And as a singer, sleep plays a major role in performance, so simply put, lack of sleep leads to fatigue and stress, which tends to result in excess tension and inefficient use of the voice. And when you’re a singer, you need every cell of your body, online functioning, to support your artistry. 

That being said, there are times in the singers life when getting enough sleep can’t be the priority. I actually do understand that having that many hours of sleep is not always easy, and I don’t want to sound like I’m preaching here. I know what it’s like and it’s tough when you have a ridiculously busy schedule. I was in a situation for years where I had a teaching job that I had to be up early for, then I would go home and get ready for performances that kept me up till the early hours of the morning, I was a single mom with a young child who I had to take care of in between all this work, in fact at one stage, I was doing 11 gigs a week, and I was teaching three days a week. I had a residency where I was performing on a pedal steamer from 7pm till 10pm seven nights a week, and then I would go and sing in a piano bar at a nightclub 4 nights a week from 10:30pm till 3am. 

I did this for three months, and I can tell you that at the end of it. Not only was I physically burnt out and maxed out, but I was feeling depressed. As a single mum, I did what I had to do to pay off a mortgage, feed my child and educate her at a private school, but at the end of it, you know what I was no good for anybody, let alone my child. 

Dr Marisa Lee Naismith  07:32

So how much sleep do you need? It’s been said, that the average adult requires 7 – 9 hours sleep per night in order to have the stamina to survive the day ahead and to conquer all the tasks they are required to fulfil in a normal day. In the biggest study, fifty years of sleep science conclusively tells us that the average adult needs 7-71/2 hours sleep for every major area of health. In fact, the latest science is even more specific and tells us that we require an average of 7.3 hours sleep every night.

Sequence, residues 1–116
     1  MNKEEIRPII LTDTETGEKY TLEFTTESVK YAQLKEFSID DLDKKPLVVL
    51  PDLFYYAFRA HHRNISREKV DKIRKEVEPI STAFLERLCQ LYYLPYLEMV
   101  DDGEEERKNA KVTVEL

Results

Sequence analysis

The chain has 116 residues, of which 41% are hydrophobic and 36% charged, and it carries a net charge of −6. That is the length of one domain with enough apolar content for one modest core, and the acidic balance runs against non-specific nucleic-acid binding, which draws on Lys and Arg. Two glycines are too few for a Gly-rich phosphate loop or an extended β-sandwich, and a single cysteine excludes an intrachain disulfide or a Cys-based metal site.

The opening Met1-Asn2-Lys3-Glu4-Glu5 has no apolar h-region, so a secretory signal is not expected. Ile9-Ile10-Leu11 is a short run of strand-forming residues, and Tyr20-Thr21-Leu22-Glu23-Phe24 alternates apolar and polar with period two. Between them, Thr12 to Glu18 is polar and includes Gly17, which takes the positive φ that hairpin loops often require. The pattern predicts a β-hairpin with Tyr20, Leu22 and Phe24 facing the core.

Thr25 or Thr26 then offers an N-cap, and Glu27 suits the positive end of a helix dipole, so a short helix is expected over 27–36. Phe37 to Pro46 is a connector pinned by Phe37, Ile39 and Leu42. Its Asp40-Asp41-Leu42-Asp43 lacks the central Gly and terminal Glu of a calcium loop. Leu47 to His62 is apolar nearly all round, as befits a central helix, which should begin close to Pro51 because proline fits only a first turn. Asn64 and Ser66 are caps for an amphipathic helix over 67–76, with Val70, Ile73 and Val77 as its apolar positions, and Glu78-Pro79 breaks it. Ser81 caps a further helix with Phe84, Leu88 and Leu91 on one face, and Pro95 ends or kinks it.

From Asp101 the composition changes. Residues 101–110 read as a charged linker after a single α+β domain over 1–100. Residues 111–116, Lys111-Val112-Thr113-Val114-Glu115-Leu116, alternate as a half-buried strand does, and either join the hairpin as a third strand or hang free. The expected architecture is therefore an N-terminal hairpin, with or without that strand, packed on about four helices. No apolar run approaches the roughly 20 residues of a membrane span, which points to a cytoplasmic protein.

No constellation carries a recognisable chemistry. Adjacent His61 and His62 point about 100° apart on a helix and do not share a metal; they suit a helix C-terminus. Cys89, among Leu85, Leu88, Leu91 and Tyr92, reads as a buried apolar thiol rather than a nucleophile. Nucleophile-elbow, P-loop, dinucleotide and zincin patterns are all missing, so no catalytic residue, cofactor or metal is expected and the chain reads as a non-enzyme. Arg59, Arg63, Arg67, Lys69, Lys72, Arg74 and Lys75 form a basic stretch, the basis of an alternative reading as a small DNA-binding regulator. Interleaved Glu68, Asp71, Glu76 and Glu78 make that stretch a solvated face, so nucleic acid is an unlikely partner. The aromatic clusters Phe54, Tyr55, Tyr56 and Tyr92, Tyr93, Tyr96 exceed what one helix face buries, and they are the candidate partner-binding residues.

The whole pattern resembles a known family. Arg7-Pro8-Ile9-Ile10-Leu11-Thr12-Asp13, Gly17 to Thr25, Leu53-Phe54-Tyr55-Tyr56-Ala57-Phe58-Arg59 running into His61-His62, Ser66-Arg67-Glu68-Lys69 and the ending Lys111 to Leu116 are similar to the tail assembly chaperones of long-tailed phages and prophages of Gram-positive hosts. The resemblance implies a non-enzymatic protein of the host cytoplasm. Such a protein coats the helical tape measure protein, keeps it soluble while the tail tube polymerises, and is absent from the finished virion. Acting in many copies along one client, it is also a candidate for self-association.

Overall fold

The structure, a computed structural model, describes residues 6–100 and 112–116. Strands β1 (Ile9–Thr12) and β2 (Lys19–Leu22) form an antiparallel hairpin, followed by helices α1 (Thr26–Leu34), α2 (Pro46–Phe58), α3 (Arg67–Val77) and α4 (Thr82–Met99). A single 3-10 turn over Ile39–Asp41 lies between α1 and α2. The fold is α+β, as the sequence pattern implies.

Dr Marisa Lee Naismith  08:17

And yet here we are in the midst of a sleep deprivation crisis, which is having profound consequences to our health, our job performance, our relationships and even our happiness. The crazy thing is that despite the science and all the data around sleep, you still have people who argue with this science and say that “ohhh, not me, I only need 5 hours per night”. So these people may think that they don’t really need that much sleep. Ok Yep, and there are those who are rich, successful, seemingly productive who only have five hours sleep every night, but what if they were to have another three hours sleep? According to the science-based research, every one of these people measured at a high-performance level has been found that they may feel ok, but by not having the required amount of sleep, they are actually cognitively in decline. Five hours sleep is the same as having three beers! I know how I feel after two wines!!! 

Then you have others who have the attitude that “life is too short, why would you want to sleep your life away?” The answer is simple!!! And that is our inability to get enough sleep impacts our lives; undermines our decision making; compromises our health, our athletic performance, our work lives, our relationships and even our sex lives; and causes us to lose control over how we interact with others and engage with the world. Do you need any more reasons to get enough sleep?? Really? It is hard to believe that sleep is so vital and that we are still having this argument. If you are a stats person go read The New York Times bestselling book “The Sleep Revolution” by Arianna Huffington. It will tell you about the long-term danger of sleep deprivation on performance and happiness. Huffington shows how our cultural dismissal of sleep, as being time wasted, compromises all those things and more!!

No one can make an intelligent case for less than seven hours sleep for the human body. You can try to fault the science, you can try to argue the science, and make a case for less sleep but all we have to do is give you three cognitive tests and two wellbeing tests. You cannot lie your way out of a cognitive test and you cannot argue your way out of a brain test. The statistics from over 50 years of science and research are conclusive and do not change and therein lies the information that you are not only less healthy with less sleep but those who sleep less, are less intelligent. Don’t get angry with me about this. I’m not making it up and I’m certainly not trying to shame anyone. This is based on field studies across dozens of different occupations and disciplines. Comparisons have been made within the same industry, at the same time across numerous personnel and the results consistently rank the staff who have the greater amount of sleep to produce greater quality work and greater outcomes.